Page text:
Connections to the Past – Part 2, Olancha

My family has always enjoyed spending time in the eastern Sierra Mountains. I remember many summers as a kid, camping at Rock Creek Lake and visiting the cabin that my great-grandfather built in Swall Meadows, just south of Tom’s Place. When I met my husband Jeff, then started a family, we continued exploring the Sierras several times a year. It seemed natural that we would some day purchase a vacation home somewhere along Highway 395.

In 2011, we found a home listing in Olancha, a small town near Lone Pine, the hub of outdoor adventure. It was a small ranch house built in 1953 on 10 acres at the foot of the Sierra Mountains. In addition to the house, the property came with outbuildings from the original Lacey cattle ranch established in 1913.

On the edge of the Owens Lake and adjacent to Death Valley, this area has an incredible history. During the time of the Civil War, the natives living in the area clashed with the settlers and conflicts ensued throughout the decade. Cerro Gordo and other mines brought miners seeking fortune, a ferry and a narrow-gauge railroad to the area. Lead and silver were mined and sent to San Pedro via mule coaches. Thieves like Tiburcio Vasquez hid out in the canyons and regularly robbed these shipments.

Silver wasn’t the only commodity being sent to LA. The Los Angeles Aqueduct was built to transport the fresh snowmelt for the ever-growing population down south. Good or bad, the Owens Valley has seen plenty.

Being history buffs and nature lovers, the ranch seemed a perfect fit for us and we quickly scooped it up.

Our first ghostly experience happened at the Ranch Motel when we stayed there during the home inspection period. We knew it had a reputation for being haunted and from the highway it looked pretty creepy but that only intrigued me. While watching television, I had gotten up from the bed and “someone” brushed up against my forearm. It didn’t feel like a spider web; it felt like a human hand touching me momentarily. When we woke up in the morning, Jeff reported that he had felt his toes being touched while he was sleeping. These experiences didn’t dissuade us. We were excited to head to our new ranch house.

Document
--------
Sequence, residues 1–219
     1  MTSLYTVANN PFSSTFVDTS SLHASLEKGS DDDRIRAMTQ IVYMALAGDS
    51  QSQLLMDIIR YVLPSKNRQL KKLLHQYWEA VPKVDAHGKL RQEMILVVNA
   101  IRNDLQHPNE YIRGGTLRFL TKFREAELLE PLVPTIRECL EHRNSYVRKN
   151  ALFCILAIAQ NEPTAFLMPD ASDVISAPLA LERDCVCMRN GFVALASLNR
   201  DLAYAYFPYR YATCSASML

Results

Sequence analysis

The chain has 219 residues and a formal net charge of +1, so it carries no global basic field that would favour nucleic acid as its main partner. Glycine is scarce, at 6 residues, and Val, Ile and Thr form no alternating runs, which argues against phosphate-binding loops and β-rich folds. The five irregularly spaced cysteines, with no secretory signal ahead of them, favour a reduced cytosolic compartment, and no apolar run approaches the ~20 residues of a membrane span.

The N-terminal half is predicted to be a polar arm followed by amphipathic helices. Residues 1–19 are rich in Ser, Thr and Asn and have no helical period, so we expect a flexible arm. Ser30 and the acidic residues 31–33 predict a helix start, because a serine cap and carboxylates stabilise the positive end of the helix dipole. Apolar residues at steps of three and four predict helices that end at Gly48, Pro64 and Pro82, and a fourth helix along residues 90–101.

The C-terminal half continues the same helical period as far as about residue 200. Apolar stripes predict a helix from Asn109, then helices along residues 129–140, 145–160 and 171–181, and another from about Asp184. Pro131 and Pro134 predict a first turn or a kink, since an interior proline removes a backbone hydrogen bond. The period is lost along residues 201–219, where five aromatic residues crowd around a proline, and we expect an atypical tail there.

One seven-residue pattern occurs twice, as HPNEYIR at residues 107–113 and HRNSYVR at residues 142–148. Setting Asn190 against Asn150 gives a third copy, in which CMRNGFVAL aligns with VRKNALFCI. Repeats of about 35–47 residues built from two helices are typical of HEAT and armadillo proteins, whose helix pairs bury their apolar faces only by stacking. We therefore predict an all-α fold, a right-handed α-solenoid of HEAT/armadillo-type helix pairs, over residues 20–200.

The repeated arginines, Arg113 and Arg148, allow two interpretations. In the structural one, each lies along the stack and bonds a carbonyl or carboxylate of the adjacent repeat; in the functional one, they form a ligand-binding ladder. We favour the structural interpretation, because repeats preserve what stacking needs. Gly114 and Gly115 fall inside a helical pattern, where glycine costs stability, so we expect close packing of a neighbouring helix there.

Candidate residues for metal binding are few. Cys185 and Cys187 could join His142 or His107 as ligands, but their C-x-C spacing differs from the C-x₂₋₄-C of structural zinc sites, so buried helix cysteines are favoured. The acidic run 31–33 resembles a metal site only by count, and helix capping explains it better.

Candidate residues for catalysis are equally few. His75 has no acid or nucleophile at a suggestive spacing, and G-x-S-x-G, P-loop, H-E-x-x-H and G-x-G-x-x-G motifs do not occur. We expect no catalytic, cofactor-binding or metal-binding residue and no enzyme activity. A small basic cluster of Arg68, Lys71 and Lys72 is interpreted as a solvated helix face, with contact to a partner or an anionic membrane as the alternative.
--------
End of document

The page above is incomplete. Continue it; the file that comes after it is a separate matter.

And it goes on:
From the first day we arrived on our property, we felt a vibe. It wasn’t a scary feeling, but a welcoming one, like we belonged there. It was so beautiful, too. We had amazing 360-degree views of the lake and mountains. There were birds, jackrabbits and a warm hugging wind. We learned before too long that history literally lived in the dirt there, frozen in time. We would just kick up some dust and something neat would surface. We found so many things that first year: horseshoes, bottles from the 1800s, iron and stone tools, square nails, a pocket watch, arrowheads, a partial gun powder pouch and lots of colorful marbles. It was exciting to find these treasures.

Just like our home in La Crescenta, we would see strange things. One day, Jeff was standing out in the yard looking at the views. He saw a man wearing a work shirt and jeans walk toward the old cowboy bunkhouse and disappear behind it. Concerned that there was a stranger on our property, he went to investigate but by the time he rounded the corner, the man had vanished.

Another day, I came for a visit by myself. I noticed that the marbles I had collected and placed in a vase were perfectly lined up on the tile floor. I called home to ask who had left the row of marbles and no one had. It was just another typical day in the Bolan household.

Hope everyone had a spooky Halloween!

Susan Bolan